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Posts Tagged ‘walnut tree’

Today’s guest picture comes from a walk on The Edge in Derbyshire which my brother Andrew shared with his walking group….and some cows….and some very nice weather.

The Edge

Our weather improved today but it was still pretty damp in the morning. I didn’t go out to take a flower picture until nearly midday.

poppies

Oddly, many of the poppies were facing the wrong way and I had to go out into the road and look into the garden from over the hedge to see these two pairs.

poppies

Yellow crocosmia have just started to come out and they should blend with the poppies if we get some warmth.  The dahlias also need warmth but the nasturtiums are doing very well in the cool and damp.

crocosmia, nasturtium and dahlia

Along with the weather, my back was quite a lot better too and I was able to trim a box ball and prune the espalier apples…

box and apples

…which are cropping well this year.

After lunch I did a bit more work in the garden and admired a hosta and an indefatigable Icelandic poppy which will keep flowering as long as I keep dead heading it.

hosta and poppy

Mrs Tootlepedal spent as much as time in the garden as she could but I went in to give my back a rest and watched a bit of the World Athletic Championships.  I was joined by Mrs Tootlepedal when it started to rain but the rain didn’t last so I went off for a walk to see how my back would hold up.

It held up well as I pottered down to Skippers Bridge and back, a distance of two miles which took me exactly an hour.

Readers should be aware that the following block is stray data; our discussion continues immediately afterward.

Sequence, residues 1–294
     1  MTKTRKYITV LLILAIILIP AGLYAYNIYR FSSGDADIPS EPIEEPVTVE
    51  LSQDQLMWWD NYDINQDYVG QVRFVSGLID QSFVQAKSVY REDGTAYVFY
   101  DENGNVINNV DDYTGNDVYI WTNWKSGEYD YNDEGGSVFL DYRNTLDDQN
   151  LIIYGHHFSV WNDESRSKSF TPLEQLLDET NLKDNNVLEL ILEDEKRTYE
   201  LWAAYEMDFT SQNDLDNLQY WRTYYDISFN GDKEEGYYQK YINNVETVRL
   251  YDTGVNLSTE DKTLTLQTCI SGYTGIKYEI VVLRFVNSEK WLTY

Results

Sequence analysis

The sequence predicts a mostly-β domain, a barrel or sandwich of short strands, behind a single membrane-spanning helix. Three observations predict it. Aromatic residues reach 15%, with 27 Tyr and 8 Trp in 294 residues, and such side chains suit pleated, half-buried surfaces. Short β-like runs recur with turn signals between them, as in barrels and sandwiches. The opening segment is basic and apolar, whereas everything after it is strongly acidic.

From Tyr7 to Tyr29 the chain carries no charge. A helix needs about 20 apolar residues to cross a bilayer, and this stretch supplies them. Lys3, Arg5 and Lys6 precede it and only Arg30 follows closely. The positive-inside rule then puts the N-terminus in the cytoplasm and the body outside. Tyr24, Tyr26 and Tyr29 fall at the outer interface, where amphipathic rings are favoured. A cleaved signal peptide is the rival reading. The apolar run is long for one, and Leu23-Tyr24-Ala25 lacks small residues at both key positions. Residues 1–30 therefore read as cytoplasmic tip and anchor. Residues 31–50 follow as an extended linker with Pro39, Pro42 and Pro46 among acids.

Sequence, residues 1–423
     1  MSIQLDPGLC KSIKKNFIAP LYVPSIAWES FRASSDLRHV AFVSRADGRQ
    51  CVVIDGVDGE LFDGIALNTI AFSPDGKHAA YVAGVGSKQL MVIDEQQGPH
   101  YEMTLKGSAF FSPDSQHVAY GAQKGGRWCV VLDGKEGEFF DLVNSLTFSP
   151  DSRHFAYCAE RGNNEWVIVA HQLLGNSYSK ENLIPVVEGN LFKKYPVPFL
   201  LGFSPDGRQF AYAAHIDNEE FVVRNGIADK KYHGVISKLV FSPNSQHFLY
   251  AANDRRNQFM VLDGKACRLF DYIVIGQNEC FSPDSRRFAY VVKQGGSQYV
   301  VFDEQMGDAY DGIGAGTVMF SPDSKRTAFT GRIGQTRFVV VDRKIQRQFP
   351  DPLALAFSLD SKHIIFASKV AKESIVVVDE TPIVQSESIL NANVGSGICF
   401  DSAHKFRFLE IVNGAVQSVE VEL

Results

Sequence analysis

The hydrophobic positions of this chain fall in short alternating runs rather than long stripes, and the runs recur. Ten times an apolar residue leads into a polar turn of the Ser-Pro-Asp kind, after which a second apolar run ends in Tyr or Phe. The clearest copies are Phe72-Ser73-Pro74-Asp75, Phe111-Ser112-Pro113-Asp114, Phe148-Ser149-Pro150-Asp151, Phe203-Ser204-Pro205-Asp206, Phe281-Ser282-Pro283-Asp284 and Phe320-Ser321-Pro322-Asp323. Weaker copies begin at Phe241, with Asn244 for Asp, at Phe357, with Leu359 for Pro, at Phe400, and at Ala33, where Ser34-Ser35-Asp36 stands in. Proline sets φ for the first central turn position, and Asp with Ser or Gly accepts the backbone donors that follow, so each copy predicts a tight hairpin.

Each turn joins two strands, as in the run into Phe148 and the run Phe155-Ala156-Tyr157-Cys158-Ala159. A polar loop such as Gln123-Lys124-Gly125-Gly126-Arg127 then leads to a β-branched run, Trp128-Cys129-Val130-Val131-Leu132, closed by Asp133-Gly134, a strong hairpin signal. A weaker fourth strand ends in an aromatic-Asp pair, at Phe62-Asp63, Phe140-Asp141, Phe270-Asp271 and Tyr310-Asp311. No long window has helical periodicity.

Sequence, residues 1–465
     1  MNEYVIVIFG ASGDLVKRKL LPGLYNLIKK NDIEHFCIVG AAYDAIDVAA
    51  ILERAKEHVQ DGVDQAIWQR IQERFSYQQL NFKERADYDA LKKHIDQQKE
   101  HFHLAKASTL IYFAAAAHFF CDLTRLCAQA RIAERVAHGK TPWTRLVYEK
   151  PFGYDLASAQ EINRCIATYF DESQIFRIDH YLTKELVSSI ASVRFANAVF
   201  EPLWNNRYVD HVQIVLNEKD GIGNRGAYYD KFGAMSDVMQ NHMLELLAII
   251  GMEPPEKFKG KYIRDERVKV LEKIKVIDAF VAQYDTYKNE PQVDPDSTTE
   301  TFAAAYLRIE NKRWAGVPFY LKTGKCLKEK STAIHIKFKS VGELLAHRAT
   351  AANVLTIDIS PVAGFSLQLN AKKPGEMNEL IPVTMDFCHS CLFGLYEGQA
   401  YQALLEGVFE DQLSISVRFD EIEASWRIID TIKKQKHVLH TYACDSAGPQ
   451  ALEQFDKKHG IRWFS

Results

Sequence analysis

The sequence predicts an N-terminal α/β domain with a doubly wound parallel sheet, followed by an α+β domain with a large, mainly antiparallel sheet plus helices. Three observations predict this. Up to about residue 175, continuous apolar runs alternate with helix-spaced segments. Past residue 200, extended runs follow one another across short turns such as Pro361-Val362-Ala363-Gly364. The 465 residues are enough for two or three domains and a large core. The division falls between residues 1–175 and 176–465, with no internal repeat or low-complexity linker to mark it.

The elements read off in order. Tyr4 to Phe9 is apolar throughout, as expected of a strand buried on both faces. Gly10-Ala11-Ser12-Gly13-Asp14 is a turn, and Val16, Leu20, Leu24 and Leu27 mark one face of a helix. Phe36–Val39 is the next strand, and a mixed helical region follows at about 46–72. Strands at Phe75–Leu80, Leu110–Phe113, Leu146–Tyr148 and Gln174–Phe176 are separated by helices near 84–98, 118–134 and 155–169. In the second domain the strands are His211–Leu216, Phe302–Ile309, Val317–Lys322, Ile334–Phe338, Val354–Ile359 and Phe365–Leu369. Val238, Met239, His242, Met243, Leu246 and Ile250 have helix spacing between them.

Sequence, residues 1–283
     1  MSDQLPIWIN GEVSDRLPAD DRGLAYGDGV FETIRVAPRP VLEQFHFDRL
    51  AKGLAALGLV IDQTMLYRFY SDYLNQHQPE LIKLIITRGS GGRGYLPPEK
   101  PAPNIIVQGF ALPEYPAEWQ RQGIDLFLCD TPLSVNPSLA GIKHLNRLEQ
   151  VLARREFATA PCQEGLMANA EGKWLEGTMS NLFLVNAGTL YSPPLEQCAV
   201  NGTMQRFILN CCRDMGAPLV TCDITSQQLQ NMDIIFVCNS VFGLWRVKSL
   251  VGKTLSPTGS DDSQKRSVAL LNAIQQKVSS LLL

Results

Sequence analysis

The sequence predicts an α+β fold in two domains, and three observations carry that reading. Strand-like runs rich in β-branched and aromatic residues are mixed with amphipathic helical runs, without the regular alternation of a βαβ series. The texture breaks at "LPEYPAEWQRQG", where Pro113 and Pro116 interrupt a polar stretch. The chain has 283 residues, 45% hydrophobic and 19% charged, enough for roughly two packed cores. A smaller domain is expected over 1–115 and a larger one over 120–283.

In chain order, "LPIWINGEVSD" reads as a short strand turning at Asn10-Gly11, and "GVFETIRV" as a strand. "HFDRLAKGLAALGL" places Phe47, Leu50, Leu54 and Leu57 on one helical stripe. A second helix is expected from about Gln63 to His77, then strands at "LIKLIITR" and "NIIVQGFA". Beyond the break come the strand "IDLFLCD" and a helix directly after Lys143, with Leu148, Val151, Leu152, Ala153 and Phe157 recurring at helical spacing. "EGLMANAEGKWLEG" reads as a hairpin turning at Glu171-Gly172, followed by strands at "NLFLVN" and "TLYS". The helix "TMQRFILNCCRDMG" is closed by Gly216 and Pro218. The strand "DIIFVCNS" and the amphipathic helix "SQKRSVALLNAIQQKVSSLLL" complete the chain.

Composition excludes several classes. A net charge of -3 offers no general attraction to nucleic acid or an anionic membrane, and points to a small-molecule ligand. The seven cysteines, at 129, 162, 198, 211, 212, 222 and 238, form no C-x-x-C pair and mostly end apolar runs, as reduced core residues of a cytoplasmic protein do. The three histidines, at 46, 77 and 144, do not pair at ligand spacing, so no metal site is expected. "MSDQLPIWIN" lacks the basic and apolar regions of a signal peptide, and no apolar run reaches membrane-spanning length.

It wasn’t sunny but at least I could see the hills today.

Whita

There was plenty more to see on the way.

fruit

Fruits

flowers

Flowers present and past

Garden escapes by the river

Garden escapes by the river

Himalayan balsam

Himalayan balsam

Skippers Bridge was looking as good as ever….

skippers bridge

The recent repair is holding up well at the moment.

I thought that the trees were starting to get an autumnal tint when I looked through the bridge.

skippers bridge

There was enough water coming down the river….

River esk

…to keep me well back from the edge.

On the way back there was more to see.

swallows

I hope that it not time for the swallows to leave already

leaf problems

Problems on the leafs of trees

fly on ragwort

A ragwort with visitors

It was almost sunny as I walked back…

Castle Hill

…and it was a very pleasant evening to be out walking.

I tried a black and white shot of the walnut tree when I got back to the garden….

Walnut tree

…as I liked the pattern of the trunks.

We are promised some sunshine tomorrow and that will be very welcome.  If we get it, I will try my back out on a short bike ride.

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Today’s guest picture is another bridge on the Brecon Canal from Irving, this time a rather more modern construction.

brecon-canal-at-talypont-on-usk

After a night of wind and rain, the morning of the shortest day was only marginally better with the occasional heavy shower and very overcast skies.

It was brightened by the arrival of Mike Tinker for coffee and some thoughtfully posed birds outside the kitchen window.

dunnock and robin

Goldfinches provided today’s landing demonstrations.

goldfinches

I went out and dug up a leek to make leek and potato soup and by the time that I had cooked and eaten it, an amazing change had come over the day.  In an instant, it seemed, the clouds were swept away and magically replaced by clear blue skies and bright sunshine.

Birds, both big and small, basked in the sun’s rays.

pigeon and robin

Though always welcome of course, the low winter sun does give me some problems when it comes to taking pictures at the feeder…

chaffinches in sun and shade

After lunch, I rang up Sandy to see if he would like a walk in the sun and he said that he had a little business to attend to but would be down as soon as he could.

While I waited for him, I popped down to the Kilngreen on my bike in the hope of seeing a dipper.

Timpen at the Winter Solstice